Whenever a fielder makes a throw that stays straight as an arrow all the way to its target, it is commonly referred to as a frozen rope. If you see a throw like this, it looks very impressive right away as it is hard, fast, and straight, and is usually followed by a loud pop in the glove of the player catching the ball.
Frozen ropes are usually used in reference to outfield assists when a runner is gunned down. Vladimir Guerrero was notorious for making frozen rope throws from the right field. If a player had the guts to try to take an extra base when a ball was hit to Vlad, they usually paid dearly and typically were out before they even started their slide.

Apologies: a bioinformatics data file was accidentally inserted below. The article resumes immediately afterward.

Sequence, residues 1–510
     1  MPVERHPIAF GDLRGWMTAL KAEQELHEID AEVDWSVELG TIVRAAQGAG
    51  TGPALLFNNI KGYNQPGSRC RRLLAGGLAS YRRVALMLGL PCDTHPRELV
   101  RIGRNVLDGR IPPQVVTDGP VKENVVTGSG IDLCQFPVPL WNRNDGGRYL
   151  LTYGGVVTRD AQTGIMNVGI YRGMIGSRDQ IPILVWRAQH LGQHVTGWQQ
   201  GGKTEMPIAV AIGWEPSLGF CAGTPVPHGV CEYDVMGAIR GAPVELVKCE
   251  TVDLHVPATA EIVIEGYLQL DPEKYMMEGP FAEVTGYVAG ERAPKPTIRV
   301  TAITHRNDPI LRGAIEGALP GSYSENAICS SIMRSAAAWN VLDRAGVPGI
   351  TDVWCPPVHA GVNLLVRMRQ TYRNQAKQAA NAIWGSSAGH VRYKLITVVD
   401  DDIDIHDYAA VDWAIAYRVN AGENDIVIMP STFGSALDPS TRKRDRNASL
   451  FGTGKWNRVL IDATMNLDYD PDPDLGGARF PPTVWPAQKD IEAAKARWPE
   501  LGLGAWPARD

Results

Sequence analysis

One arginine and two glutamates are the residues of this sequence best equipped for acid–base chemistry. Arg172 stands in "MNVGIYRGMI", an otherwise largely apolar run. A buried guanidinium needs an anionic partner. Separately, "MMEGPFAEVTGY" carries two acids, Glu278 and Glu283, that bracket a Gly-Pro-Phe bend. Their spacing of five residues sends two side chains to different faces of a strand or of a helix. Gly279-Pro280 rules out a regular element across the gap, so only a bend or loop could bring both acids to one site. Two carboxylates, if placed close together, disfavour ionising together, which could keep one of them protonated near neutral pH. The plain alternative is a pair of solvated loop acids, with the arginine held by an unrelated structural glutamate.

Throws from shortstop and third base can also be considered frozen ropes based on the distance of the throw. One of my favorites was definitely Rafael Furcal when he was playing for the Atlanta Braves. He had a cannon and would constantly fire frozen ropes across the diamond whether he needed to or not.
Catchers could garner this praise as well with a well-timed throw to get a runner out trying to steal a base. Pop times are always important for a catcher, but throwing under two seconds doesn’t mean anything if it has a slice like an amateur golf swing. A catcher’s throws have to be straight and on the money just like a frozen rope would suggest.
Arm strength usually isn’t given as much attention as a player’s offensive ability, but it is critical to make tough plays with runners always moving around the bases. Speed kills, but even Billy Hamilton would have a tough time scoring on a fly ball to right field with someone like Roberto Clemente waiting to catch it and make a throw to the plate.